Power shocker — $160 rise

Josh Gordon, November 30, 2007, The Age

Most Victorian families will be stung by a $160 increase in their annual power bills under a new price regime to be announced by the State Government today. The drought and booming demand for power have pushed the cost of generating electricity to unprecedented levels, with the added pain set to flow through to consumers from January 1. A a typical household consuming 6500 kilowatt hours of peak and off-peak electricity can expect their annual bills to rise from about $945 to $1106, an increase of $161. The drought has severely limited Australia's hydro-electricity capacity, forcing power generators to tap into more expensive and polluting options, particularly gas, to meet booming demand.

Australia just the spot for solar energy projects

November 28, 2007. The Age

Colour-coded world map produced by NASA showing where solar energy has maximum effect. Photo: Reuters
Colour-coded world map produced by NASA showing where solar energy has maximum effect. Photo: Reuters

Australia gleams a bright red in a satellite map compiled by NASA that paints a vibrant picture of how solar energy reaches different parts of the world. One sun-baked desert landmark in south-east Niger got a searing average of 6.78 kilowatt hours of solar energy per square metre per day from 1983-2005, roughly the amount of electricity used by a typical US home in a day to heat water.

University of NSW renewable energy expert Dr Mark Diesendorf said maps such as this not only helped companies interested in building solar power stations but illustrated the energy possibilities of the sun. "Australia has got lots of solar energy potential, and it's not doing enough to tap into that."

Dr Wes Stein, manager of the CSIRO's National Solar Energy Centre, said a 2001 study showed Australia had the highest average solar radiation of any continent. "We are a very good country to do solar energy projects."


DSE Open Green Home Program

The Open Green Home Program is being run by Victoria's Department of Sustainability and Environment to collect information about sustainable living and building. If you would like to share your experiences and knowledge about environmentally friendly building, saving water or saving energy, please contact Amelia Poxon at the Department of Sustainability and Environment on 03 9637 8912.

Greenlivingpedia is launched

Monday 15 October 2007. Greenlivingpedia launch

Melbourne City Councillor Fraser Brindley and Peter Campbell launched Greenlivingpedia (this website), a free resource for sharing information about green living and building at Melbourne’s innovative CH2 building. "Today I am launching Greenlivingpedia, an important resource that enables everyone to create and share information about green living and green building, such as the CH2 building," Cr Brindley said.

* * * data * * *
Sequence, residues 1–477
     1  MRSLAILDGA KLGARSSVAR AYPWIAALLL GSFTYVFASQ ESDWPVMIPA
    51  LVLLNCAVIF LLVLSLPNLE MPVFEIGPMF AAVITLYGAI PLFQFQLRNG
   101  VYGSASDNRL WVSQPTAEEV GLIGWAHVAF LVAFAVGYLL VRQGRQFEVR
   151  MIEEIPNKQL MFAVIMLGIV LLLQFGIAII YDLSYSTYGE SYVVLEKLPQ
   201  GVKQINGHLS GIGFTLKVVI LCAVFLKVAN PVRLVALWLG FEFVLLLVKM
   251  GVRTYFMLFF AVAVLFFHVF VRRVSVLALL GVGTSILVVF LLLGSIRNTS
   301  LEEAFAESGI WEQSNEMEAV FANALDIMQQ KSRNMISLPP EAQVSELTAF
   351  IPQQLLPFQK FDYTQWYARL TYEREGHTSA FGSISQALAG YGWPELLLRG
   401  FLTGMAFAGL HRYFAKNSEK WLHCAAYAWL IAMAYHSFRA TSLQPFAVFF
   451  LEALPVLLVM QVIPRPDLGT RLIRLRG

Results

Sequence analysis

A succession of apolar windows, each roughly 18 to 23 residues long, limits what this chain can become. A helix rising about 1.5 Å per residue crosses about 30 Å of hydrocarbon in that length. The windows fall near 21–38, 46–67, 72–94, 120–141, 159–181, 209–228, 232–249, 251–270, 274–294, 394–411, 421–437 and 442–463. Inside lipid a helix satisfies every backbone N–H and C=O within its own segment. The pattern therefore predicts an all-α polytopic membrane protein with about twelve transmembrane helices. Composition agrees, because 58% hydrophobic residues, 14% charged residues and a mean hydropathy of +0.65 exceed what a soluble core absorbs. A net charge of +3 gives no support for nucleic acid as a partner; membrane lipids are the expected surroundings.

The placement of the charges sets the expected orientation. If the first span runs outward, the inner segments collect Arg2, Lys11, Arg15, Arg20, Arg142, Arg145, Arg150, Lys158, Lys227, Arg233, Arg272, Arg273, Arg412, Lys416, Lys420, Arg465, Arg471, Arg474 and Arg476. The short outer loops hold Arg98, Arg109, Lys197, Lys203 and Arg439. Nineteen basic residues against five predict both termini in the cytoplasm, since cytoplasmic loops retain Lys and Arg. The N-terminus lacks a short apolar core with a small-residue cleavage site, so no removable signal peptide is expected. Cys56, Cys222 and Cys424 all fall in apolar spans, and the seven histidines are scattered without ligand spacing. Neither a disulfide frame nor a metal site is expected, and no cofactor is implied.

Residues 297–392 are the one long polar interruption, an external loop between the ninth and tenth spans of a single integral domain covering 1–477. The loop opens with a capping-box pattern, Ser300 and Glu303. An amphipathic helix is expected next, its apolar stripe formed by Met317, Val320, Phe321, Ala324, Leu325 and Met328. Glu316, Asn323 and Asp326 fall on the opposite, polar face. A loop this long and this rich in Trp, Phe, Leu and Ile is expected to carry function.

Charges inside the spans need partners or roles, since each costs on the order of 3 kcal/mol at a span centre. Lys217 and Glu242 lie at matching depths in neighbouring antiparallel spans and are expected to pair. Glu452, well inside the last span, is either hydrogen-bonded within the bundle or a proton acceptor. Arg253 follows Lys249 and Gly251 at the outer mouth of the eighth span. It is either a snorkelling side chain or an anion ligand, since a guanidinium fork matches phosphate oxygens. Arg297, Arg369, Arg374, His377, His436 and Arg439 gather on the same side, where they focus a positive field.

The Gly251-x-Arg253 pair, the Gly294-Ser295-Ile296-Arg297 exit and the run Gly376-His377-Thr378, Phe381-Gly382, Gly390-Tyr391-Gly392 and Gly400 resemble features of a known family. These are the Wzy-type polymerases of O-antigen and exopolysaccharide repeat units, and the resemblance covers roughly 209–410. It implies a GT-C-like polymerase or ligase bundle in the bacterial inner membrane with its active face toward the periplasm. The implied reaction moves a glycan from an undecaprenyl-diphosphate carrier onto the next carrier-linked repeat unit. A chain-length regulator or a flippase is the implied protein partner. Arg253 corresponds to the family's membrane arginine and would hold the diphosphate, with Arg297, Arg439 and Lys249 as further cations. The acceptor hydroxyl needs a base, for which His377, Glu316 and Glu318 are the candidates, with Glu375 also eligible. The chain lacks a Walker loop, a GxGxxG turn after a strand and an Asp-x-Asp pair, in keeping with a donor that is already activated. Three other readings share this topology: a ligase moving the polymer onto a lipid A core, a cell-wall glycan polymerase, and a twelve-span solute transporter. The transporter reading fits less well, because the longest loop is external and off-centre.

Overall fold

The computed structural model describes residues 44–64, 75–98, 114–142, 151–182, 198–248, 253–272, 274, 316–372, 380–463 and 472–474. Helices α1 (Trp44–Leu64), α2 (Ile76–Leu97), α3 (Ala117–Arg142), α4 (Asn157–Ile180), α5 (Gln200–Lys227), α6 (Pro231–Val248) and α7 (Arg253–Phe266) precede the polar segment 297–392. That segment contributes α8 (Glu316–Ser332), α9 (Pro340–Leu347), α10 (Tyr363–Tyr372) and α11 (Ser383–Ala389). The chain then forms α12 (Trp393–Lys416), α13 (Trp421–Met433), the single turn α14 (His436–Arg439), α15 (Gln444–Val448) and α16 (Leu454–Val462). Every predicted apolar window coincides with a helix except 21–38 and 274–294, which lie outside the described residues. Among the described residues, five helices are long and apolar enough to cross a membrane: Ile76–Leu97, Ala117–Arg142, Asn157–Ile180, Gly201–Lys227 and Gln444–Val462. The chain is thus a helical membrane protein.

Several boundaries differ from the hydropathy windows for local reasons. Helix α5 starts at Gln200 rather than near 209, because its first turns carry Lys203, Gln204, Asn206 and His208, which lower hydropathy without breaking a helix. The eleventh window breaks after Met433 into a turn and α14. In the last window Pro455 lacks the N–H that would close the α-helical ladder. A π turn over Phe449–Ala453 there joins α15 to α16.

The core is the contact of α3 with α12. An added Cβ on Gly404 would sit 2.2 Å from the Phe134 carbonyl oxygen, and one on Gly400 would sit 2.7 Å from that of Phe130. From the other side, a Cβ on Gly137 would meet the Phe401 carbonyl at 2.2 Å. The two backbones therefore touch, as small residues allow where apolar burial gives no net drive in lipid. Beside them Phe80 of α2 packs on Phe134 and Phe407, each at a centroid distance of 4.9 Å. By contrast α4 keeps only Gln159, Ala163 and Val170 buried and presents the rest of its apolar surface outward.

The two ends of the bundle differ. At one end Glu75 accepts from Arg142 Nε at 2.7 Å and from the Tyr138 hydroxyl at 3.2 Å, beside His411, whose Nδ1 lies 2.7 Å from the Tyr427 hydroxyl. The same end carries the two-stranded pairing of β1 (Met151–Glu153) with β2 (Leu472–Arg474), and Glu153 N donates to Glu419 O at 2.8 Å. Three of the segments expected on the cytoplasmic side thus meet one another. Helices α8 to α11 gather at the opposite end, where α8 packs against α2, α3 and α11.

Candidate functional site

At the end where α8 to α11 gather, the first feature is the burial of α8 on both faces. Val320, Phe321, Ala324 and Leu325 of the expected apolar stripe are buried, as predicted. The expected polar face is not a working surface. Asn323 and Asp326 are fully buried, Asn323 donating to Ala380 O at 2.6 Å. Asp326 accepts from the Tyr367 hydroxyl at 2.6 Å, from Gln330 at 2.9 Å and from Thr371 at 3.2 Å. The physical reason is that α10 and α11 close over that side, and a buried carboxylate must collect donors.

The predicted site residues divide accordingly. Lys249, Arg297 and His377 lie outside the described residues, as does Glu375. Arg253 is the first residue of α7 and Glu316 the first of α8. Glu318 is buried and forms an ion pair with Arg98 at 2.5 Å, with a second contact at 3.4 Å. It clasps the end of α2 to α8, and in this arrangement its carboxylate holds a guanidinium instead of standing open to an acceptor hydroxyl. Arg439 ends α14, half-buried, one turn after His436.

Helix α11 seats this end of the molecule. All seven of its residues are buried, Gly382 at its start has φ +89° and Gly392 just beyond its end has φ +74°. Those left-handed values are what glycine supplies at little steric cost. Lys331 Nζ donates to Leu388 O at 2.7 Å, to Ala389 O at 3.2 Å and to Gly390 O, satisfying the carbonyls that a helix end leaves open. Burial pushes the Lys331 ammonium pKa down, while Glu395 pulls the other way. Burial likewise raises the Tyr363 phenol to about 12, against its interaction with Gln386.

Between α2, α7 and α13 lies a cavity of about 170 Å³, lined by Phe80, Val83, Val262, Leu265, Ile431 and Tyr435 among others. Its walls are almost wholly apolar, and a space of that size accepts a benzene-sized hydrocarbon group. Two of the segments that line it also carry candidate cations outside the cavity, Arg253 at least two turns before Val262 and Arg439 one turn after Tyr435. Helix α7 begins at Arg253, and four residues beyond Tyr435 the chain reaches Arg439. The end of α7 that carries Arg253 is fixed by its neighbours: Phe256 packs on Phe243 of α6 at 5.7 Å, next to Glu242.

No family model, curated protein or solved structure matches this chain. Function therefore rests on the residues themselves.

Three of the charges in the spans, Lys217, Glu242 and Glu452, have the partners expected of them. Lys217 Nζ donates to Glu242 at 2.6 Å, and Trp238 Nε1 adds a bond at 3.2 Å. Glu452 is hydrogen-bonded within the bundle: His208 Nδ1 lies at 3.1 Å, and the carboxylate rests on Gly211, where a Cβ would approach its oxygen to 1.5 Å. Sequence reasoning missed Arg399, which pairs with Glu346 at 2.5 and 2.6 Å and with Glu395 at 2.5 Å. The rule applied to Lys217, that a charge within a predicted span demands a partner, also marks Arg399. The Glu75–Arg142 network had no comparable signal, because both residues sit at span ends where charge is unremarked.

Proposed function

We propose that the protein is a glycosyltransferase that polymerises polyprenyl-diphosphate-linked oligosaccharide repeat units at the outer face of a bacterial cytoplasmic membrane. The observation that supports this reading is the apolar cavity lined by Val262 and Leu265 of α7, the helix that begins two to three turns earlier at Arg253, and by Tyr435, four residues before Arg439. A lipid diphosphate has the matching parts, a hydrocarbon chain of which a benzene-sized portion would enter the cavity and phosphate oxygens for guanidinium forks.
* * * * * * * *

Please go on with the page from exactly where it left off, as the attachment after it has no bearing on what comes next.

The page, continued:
Fit-PC: a tiny PC that draws only 5w

October 13, 2007. Tiny PC consumes only 5W but runs Win XP and Linux Via Slashdot

Fit-PC is the size of a paperback and absolutely silent, yet fit enough to run Windows XP or Linux. fit-PC is designed to fit where a standard PC is too bulky, noisy and power hungry. If you ever wished for a PC to be compact, quiet and green – then fit-PC is the perfect fit for you. Fit-PC draws only 5 Watts, consuming in a day less power than a traditional PC consumes in 1 hour. You can leave fit-PC to work 24/7 without making a dent in your electric bill.

The big melt: lessons from the Arctic summer of 2007

October 11, 2007 Carbon Equity

The Arctic sea ice is disintegrating "100 years ahead of schedule", having dropped 22% this year below the previous minimum low, and it may completely disappear as early as the northern summer of 2013. This is far beyond the predictions of the International Panel on Climate Change and is an example of global warming impacts happening at lower temperature increases and more quickly than projected. What are the lessons from the Arctic summer of 2007?

Dell to go carbon-neutral by 2008

September 27, 2007 Sydney Morning Herald

Dell has unveiled an environmental plan that the computer maker said will make its operations carbon-neutral by 2008, a year earlier than it previously promised. Dell said it would achieve the goal through a variety of methods, including buying so-called carbon offsets, replacing incandescent light bulbs with fluorescent and requiring parts suppliers to list information on their environmental policies"

Quote of the Day: Al Gore on Climate Change Leadership, Montreal Protocol

Jasmin Malik Chua, 29 September 2007 Treehugger

All of the market initiatives are incredibly important. The market allocates more money in one hour than all of the governments allocate over a year's time. But government's set the rules of the road and determine how markets allocate capital and make decisions. And there should be no mistake that this crisis, the climate crisis, is not going to be solved only by personal action and business action. We need changes in laws; we need changes in policies; we need new leadership and we need a new treaty. We need a mandate at Bali during the first 14 days of December this year to complete a treaty not by 2012 but by 2009, and put it completely into force by 2010. We can do it and we must do it. ...